The Clinton Global Initiative is a prestigious and convenient forum for companies to announce commitments to improve their practices, be they related to the environment, human rights, development, health, or any other facet of corporate behavior. This week executives from the big three soda makers, Coca Cola, PepsiCo, and Dr Pepper Snapple Group, along with an official from the American Beverage Association lobbying organization, shared the stage with former President Bill Clinton to make what seemed, at first glance, to be a dramatic announcement: That those companies would commit to selling 20 percent fewer calories per capita in their beverage mix over the next 10 years. There were smiles and handshakes all around and plenty of sunny media coverage.
But some of that media coverage missed an important point. There's less to that big announcement than meets the eye. Americans have been turning away from non-diet soda in droves. In fact, over the past 10 years, per capita consumption of carbonated sugar drinks has declined by 20 percent -- the same as industry's "lofty" goal for the next 10. Why? Bottled water (much made by Coke and Pepsi) sales have skyrocketed. Federal regulations now prohibit the sale of soda in schools. Millions of people went on the sugar-eschewing Atkins and South Beach diets. Many cities and states are enacting curbs on soda in vending machines and elsewhere on public property; so are hospitals and other venues. And Americans are increasingly recognizing that soda and other sugar drinks are like bombs on their health (think diabetes and heart disease).
The industry sees the writing on the wall. And it's reacting with a strange combination of panic and prudence. It sees cities, like San Francisco and Berkeley, wanting to tax the industry's main product, and so it's spending millions to defeat those measures. (You can bet that the companies hope that the good PR from their new promise will lead to more "no" votes.) It sees state legislators and health advocates calling for warning labels, limits on sugar content, and other policies aimed at preventing soda-related diseases, so the companies have ginned up their lobbying might. The corporate chiefs know better than anyone that their industry is already on track to sell much less soda in the coming years -- even if they do absolutely nothing to try to help. So the commitment made at the Clinton Global Initiative is basically memorializing the inevitable.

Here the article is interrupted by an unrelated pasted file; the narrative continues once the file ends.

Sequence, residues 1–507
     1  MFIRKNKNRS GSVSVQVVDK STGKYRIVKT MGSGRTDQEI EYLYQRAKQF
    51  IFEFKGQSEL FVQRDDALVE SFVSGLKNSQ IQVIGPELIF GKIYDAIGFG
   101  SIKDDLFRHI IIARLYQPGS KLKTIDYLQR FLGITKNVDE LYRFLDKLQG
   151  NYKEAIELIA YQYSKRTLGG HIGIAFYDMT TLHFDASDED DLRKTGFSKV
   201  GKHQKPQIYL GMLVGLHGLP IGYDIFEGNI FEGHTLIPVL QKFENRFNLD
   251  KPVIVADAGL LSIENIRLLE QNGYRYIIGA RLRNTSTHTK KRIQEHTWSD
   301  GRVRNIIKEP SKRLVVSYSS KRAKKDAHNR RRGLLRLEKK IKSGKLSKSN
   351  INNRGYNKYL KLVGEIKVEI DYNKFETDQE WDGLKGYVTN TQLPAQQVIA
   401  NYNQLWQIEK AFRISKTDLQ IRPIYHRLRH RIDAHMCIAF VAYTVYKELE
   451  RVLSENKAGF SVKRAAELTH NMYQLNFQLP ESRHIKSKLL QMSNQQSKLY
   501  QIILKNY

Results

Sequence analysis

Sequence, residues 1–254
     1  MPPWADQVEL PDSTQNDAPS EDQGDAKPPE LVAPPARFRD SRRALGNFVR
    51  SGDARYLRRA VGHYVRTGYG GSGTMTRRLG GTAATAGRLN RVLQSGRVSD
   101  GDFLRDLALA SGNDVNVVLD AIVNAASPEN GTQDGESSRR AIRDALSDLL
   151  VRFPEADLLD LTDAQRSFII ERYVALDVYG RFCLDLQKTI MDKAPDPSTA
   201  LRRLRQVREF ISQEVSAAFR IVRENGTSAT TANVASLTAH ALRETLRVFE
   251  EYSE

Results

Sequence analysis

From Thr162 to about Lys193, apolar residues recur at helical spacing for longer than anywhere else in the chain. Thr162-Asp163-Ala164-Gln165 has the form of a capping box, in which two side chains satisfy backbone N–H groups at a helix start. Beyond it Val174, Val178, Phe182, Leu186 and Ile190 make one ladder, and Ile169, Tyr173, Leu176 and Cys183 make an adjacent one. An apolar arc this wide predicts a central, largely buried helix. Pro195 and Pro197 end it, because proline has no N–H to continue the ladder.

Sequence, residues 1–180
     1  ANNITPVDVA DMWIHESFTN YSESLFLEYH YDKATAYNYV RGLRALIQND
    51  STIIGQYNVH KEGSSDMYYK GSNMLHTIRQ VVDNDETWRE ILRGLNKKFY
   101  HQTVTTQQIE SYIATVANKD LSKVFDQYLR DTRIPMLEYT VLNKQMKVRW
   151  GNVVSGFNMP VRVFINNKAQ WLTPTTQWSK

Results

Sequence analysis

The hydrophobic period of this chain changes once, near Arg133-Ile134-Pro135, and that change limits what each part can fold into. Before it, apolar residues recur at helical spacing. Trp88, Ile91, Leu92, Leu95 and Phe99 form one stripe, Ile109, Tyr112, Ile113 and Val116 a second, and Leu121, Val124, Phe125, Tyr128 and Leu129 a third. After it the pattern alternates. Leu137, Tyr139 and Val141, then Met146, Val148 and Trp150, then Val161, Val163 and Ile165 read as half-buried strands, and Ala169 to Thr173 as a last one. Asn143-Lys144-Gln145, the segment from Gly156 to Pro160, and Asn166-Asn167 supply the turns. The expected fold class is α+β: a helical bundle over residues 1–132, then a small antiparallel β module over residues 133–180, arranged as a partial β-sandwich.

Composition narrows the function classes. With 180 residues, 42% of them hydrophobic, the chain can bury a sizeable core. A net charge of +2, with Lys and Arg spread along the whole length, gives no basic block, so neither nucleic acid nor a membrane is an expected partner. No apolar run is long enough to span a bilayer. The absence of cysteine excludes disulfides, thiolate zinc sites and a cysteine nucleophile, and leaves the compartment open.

Still, the pledge necessarily means that the industry will have to make some useful changes around the margins, perhaps putting more marketing muscle behind low- and no-calorie drinks, reducing serving sizes, and so forth. (A secondary industry commitment made at the CGI, to institute calorie labeling on vending machines, will be rendered moot when the calorie-labeling provisions of the Affordable Care Act are fully implemented).
I don't begrudge the soda executives their photo op with former President Clinton. And I'm actually glad the industry will get some positive recognition for acknowledging that its products contribute to obesity and that things need to change. And kudos to former President Clinton for creatively nudging the industry in the right direction. But if the companies were really serious about reducing Americans' caloric intake from beverages (and I'm not holding my breath), they would stop reflexively fighting sensible public health measures, such as taxes, warning labels, and limits on sugars in beverages, that would drive down consumption by 75 percent. It would be a huge victory for public health if former President Clinton -- or President Obama, for that matter -- got behind those policies.